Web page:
Monday, September 27, 2010

Bridgetown Part 5 Buildings and Monuments

The Parliament Buildings

In 1668 the State House where the Barbados Legislature met was destroyed by fire and the convening of the  "house" was shifted to a tavern.  As one may well imagine many saw it as quite indecent for the legislature to convene the house in a tavern. Along with the concern of having the legislature meet in a tavern there was the concern of properly housing public records. For decades the public records of Barbados had been poorly stored in government offices.

The first State house to be erected after this time was within the precincts of James Fort but this soon had to be given over to be a prison as there was a greater and more pressing need in this area, the building of itself was erected in 1701.  It was not until well over a century later that the Parliament Buildings would be erected. In 1871 The West Building was completed followed by the East building in 1874.
There was a slight set back in 1884 when the tower that had been built on the east building to accommodate the clock  and  a peal of bells began to sink.  The Tower was then constructed on the west building and the clock relocated. The Clock details are made of copper and is 7 feet in diameter. The pendulum is 14 feet long and the bell weighs 20 hundred weight. The clock is constructed in a manner that it can continue going while being wound  and is designed to run for 8 days.

The stained glass windows in the east building depict British Sovereigns from James I to Queen Victoria and include Oliver Cromwell. These were made by the London Firm Messers Clayton and Bell. The windows of the Senate Chamber  depict the armorial bearings of past Presidents of Council and Speakers of the Assembly. On the main stairway of the West building there  were to stained glass windows that bore the biblical quotation "Render to Cesar the things that are Cesar's". These were originally situated in the East Building appropriately over the customs department which was originally housed there.

It is also notable to mention that the house of Assembly in Barbados was started in 1639 and is in fact the third oldest in the world. It was started by Governor Hawley. Hawley himself was known the scheming and relentless and later became known as one of the most notorious figures in Barbados History. He was the successor of Governor Tufton who had in fact done much good for the Island, despite this Hawley had him arrested and tried on trumped up charges. Sadly Tufton was later executed for treason due to Hawleys charges. It was after the First Earl of Carlisle died that the Second Earl of Carlisle  realizing the blight that Hawley was tried to remove him and the frequently absent Governor Hawley then tried to win favour with Barbadian land owners by starting the House of Assembly. In 1840 after giving much opposition he was removed as Governor of Barbados.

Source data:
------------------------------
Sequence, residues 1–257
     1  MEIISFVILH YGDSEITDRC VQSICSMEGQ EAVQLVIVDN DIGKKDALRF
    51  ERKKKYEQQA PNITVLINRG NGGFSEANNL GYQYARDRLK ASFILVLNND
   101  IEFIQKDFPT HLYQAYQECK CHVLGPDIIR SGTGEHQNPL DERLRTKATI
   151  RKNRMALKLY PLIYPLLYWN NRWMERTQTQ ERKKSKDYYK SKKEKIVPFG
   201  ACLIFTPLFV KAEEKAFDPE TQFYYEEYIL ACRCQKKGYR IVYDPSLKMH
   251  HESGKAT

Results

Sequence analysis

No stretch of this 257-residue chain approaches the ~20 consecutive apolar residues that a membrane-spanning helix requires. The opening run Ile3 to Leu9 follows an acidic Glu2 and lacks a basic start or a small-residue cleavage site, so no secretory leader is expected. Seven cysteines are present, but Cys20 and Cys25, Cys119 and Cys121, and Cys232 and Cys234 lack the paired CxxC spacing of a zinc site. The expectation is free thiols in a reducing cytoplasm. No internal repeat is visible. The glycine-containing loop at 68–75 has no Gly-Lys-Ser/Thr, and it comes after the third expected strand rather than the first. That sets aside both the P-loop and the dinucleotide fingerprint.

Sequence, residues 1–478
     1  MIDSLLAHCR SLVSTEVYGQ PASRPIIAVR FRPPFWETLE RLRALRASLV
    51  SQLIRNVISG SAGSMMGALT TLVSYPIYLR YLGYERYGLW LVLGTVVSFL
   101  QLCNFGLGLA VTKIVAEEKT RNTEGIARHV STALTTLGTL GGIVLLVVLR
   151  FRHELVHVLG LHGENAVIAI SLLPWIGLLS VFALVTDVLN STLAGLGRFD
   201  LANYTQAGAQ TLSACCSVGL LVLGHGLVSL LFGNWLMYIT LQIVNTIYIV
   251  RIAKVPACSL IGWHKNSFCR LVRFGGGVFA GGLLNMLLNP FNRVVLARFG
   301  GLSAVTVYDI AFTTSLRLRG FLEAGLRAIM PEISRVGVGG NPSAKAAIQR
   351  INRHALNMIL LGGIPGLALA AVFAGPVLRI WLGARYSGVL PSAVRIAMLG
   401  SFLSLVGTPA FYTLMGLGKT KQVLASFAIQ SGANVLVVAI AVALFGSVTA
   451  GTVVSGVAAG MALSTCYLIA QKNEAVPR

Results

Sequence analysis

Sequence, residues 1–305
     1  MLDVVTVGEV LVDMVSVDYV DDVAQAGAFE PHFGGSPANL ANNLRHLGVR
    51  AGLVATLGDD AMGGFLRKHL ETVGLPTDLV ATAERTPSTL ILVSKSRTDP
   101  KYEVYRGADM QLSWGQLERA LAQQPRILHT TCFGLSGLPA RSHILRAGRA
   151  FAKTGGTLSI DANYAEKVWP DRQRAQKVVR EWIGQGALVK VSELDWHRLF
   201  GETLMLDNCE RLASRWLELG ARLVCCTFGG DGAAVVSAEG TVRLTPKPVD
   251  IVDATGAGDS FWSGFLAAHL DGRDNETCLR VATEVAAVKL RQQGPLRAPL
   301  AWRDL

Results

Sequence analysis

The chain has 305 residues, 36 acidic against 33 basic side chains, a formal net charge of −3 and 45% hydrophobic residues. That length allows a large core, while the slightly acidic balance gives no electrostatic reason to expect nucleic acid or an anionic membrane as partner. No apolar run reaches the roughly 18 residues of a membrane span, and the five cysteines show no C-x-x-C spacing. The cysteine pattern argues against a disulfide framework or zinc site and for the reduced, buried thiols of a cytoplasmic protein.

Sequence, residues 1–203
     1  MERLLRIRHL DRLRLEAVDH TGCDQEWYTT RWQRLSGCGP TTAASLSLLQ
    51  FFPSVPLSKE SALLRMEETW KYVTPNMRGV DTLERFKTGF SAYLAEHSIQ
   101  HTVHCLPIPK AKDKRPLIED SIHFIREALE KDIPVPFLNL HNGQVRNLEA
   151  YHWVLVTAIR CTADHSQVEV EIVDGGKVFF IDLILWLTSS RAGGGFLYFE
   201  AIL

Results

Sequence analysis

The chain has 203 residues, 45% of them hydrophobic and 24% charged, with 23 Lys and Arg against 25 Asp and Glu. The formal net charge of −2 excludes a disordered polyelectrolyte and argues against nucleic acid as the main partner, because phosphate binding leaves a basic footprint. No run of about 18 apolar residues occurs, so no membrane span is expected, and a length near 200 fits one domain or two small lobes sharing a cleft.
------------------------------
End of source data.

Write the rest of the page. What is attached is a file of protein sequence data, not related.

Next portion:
The Mutual Building

The Mutual Building in lower Broad Street is a magnificent Victorian that boasts 3 stories was built between 1894 and 1895. The original name was The Barbados Insurance Society Building. Large domes and a second story veranda that surrounds the entire building are some of the buildings’ characteristics.
This wonderful old structure once housed The Mutual Bank of the Caribbean. It was sold to the Bank of Butterfield in December 2003 and is still located within The Mutual Building.
The Nelson Statue

You may find the story of Admiral Nelson and the monument here

The Fountain

Piped water was introduced into Barbados in 1861 and it recommended that to celebrate this occasion. it was not until In the April of 1865 a fountain was completed. It weights 1 and 3/4 tons and requires 2,000 gallons of water to run from 8 o'clock in the morning to dusk.

The Montefiore Fountain

The Montrfiore Fountain  which was a Drinking Fountain was presented to Bridgetown in 1864  by H John Montefiore in memory of his father. On each side is a marble allegorical figure representing fortitude, temperance, patience and justice: with the following inscriptions: "Look to the end; Be sober minded: To bear is to conquer; Do wrong to no one. It was originally located in Beackwith Place but is now located in Coleridge Street.

The Cenotaph

The Cenotaph is located in what was once the "Fountain Garden" and now "National Hero's Square". It was erected in 1925 in memory of those who died in the First World War and in 1953 the names of those who died in the Second World War were also added.

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